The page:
Friday, May 19, 2017

Exile




"Every country is home to one man, and exile to another."
-T.S. Eliot

In composition studies, we have this concept called "exigency."

It's a fancy word that basically means "what makes someone write." What is that initial spark that occurs that compels a person to commit the thoughts in his or her head to written language? Exigency can range from the mundane (a grocery list) to the sublime (a literary novel). Right now, I'm considering exile as exigency in literature.

Because I feel as if I've been exiled. Why? Read here.

Back now? Good.

Turns out exile is quite the literary motivator. Without it, we might not have had The Divine Comedy. Dante was banished from Florence in the 13th Century for the duration of his life. At several turns, it must have seemed to Dante like he was "wandering through hell" and thus inspiration for The Inferno. Victor Hugo was expelled from France after tussling with Napoleon. Most of this explosive conflict was due to Hugo's passionate sense of social justice...something of which Napoleon had very little. It's all right. The banishment gave Victor Hugo time to write his triumph, Les Miserables.

Of course one can write a tremendous work about exile without actually having been exiled. It didn't happen to Milton (as far as I know), but Paradise Lost is loaded with it. From Satan's fall from Heaven ("It is far better to rule in Hell than serve in Heaven!") to Adam and Eve driven from Eden, it's hard to miss the theme. Me? I have great affinity for Alexandre Dumas' The Count of Monte Cristo. In that book, sailor Edmond Dantes is wrongly sent to prison. Just read the passage where Dantes is on a barge in shackles and realizes he's being taken to a grim, island prison. Dumas' description of the shock and despair at this realization is visceral. Even better, the story really focuses on Dantes getting out of the joint and returning to rain revenge down on those who wronged him. Dope.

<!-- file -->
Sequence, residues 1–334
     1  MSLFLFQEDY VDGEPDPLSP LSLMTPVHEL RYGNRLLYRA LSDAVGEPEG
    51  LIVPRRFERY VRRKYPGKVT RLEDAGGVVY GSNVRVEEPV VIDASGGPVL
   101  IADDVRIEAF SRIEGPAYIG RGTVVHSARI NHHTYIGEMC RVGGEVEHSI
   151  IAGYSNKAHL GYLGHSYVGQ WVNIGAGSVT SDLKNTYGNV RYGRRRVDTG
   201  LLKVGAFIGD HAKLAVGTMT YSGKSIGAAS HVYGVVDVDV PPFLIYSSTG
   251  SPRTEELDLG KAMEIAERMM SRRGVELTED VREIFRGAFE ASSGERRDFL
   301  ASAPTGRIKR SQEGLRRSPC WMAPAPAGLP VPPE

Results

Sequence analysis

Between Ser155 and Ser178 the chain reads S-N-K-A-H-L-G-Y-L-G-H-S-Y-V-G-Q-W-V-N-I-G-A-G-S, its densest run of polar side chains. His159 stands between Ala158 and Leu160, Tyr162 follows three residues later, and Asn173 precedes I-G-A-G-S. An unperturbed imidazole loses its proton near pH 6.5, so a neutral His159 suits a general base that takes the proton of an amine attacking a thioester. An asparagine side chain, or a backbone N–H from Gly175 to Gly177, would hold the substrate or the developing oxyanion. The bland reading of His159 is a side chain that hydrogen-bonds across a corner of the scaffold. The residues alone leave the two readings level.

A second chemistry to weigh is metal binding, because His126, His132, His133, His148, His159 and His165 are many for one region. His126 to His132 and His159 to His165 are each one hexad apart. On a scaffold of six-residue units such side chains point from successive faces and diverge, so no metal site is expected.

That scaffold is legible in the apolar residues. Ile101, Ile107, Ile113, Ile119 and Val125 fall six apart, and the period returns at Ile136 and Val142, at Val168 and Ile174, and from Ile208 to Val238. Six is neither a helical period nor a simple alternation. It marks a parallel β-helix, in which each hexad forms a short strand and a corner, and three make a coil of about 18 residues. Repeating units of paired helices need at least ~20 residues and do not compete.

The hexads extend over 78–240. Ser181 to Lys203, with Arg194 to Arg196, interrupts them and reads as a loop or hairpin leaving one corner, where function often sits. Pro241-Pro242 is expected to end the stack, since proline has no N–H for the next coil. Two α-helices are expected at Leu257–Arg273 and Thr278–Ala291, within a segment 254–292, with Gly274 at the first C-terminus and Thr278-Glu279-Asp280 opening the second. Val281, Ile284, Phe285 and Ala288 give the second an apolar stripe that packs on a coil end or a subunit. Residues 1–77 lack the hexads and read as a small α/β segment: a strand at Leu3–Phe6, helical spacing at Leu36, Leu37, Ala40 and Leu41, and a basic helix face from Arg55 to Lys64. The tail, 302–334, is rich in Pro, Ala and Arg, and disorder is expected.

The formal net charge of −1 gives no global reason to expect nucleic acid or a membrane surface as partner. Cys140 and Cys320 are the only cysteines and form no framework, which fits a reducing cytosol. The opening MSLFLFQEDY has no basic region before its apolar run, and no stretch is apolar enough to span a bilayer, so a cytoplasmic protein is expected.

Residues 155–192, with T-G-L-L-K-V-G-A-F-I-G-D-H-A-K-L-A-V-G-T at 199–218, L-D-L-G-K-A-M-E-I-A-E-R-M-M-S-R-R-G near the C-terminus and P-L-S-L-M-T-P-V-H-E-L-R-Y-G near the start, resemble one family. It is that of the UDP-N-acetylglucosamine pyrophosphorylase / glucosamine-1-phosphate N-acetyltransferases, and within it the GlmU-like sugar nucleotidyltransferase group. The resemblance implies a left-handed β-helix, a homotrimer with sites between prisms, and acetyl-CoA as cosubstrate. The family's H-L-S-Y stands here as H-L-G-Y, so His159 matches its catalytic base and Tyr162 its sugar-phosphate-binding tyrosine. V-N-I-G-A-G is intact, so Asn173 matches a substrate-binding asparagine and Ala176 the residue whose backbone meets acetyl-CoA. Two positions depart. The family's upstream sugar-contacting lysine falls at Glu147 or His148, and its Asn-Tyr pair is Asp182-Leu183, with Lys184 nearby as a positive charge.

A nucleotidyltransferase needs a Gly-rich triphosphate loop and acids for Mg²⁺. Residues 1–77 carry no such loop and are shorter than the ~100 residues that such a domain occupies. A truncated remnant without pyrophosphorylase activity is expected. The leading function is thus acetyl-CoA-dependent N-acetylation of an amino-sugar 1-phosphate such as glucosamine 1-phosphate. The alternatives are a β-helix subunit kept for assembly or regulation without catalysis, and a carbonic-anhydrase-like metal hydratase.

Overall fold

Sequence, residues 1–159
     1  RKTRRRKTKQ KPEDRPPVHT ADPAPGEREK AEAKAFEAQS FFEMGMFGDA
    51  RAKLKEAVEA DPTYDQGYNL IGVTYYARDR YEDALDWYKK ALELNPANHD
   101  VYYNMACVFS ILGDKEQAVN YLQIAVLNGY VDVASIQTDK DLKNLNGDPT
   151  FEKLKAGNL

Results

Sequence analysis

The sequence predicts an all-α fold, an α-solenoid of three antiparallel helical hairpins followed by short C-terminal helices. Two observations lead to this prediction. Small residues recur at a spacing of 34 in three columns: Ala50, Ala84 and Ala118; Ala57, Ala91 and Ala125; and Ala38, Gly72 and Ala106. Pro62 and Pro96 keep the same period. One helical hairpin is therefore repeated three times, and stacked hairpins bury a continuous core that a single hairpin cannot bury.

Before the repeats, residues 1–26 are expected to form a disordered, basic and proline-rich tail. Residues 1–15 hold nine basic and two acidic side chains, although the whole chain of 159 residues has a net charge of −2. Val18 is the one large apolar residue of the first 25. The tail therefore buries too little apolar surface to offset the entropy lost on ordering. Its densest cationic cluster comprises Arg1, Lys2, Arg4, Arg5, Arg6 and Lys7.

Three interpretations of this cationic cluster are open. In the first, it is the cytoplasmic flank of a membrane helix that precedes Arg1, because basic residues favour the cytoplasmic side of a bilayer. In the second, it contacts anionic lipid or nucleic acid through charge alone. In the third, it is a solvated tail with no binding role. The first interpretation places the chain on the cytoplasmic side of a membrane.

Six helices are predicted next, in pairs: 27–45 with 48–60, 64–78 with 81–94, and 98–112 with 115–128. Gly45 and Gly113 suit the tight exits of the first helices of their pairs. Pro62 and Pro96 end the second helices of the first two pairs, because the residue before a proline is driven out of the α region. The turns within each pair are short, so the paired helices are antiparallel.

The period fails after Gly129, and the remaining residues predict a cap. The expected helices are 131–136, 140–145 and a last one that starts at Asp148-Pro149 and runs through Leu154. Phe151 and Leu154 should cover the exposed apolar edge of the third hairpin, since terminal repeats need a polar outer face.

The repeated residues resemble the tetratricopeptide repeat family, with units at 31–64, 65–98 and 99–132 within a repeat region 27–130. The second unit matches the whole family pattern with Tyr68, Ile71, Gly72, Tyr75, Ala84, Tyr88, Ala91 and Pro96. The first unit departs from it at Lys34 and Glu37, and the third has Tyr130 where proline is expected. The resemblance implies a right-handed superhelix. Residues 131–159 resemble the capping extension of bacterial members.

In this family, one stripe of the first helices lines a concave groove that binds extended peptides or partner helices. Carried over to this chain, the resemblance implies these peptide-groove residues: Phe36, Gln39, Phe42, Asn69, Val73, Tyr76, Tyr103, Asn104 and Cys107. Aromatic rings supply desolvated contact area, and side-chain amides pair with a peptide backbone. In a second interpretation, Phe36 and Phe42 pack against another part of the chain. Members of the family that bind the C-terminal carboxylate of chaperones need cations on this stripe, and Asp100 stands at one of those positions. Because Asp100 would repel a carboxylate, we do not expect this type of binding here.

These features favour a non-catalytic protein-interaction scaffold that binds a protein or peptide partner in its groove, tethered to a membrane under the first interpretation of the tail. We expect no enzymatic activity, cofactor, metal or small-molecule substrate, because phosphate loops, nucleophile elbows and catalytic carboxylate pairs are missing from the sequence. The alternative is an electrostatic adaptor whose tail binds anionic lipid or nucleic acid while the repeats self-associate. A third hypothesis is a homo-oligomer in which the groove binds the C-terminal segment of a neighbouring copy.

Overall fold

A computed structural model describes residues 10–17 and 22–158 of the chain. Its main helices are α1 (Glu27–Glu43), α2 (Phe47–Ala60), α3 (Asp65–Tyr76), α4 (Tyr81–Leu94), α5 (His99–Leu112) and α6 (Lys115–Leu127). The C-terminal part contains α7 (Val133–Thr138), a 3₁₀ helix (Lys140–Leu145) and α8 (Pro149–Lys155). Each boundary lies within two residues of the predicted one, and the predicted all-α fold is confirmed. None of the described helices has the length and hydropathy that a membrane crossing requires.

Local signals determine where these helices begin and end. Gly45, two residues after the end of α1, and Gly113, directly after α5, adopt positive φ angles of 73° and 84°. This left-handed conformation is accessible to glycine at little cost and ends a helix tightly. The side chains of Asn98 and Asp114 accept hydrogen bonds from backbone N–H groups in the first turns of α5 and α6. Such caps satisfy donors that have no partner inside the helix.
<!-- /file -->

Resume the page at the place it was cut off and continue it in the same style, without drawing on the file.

I could go on with other examples both major and even minor, such as Aeneas in Carthage during The Aeneid, but if you've read ESE for any length of time, then you know I'm not entirely a traditional academic in a tweedy jacket with elbow patches. What of exile stories in America's greatest cultural achievement? What about...the comic book? I put a call out to my boys asking this very question. Here's a few of their responses:

Well, the Silver Surfer is essentially a story of exile from start to finish. He is forever expelled from his happy home, Zenn-La, and was for a time confined entirely to Earth.

My friend Jason also suggested the episode "Superman in Exile" from the original Superman TV series with George Reeves. While it's not a comic book, I will accept it as it is based on a comic book character (arguably the comic book character) and somebody had to write the script. In the episode, Superman shuts down a runaway nuclear reactor. This has the unfortunate side effect of irradiating him. To save Metropolis, Superman sends himself into self-imposed exile to the mountains of Blue Peak. Unfortunately, criminals take advantage of Superman's absence and purloin all manner of valuables from Metropolis. How can Superman return? Let's just say it's a typically cockamamie-but-fun solution involving lightning.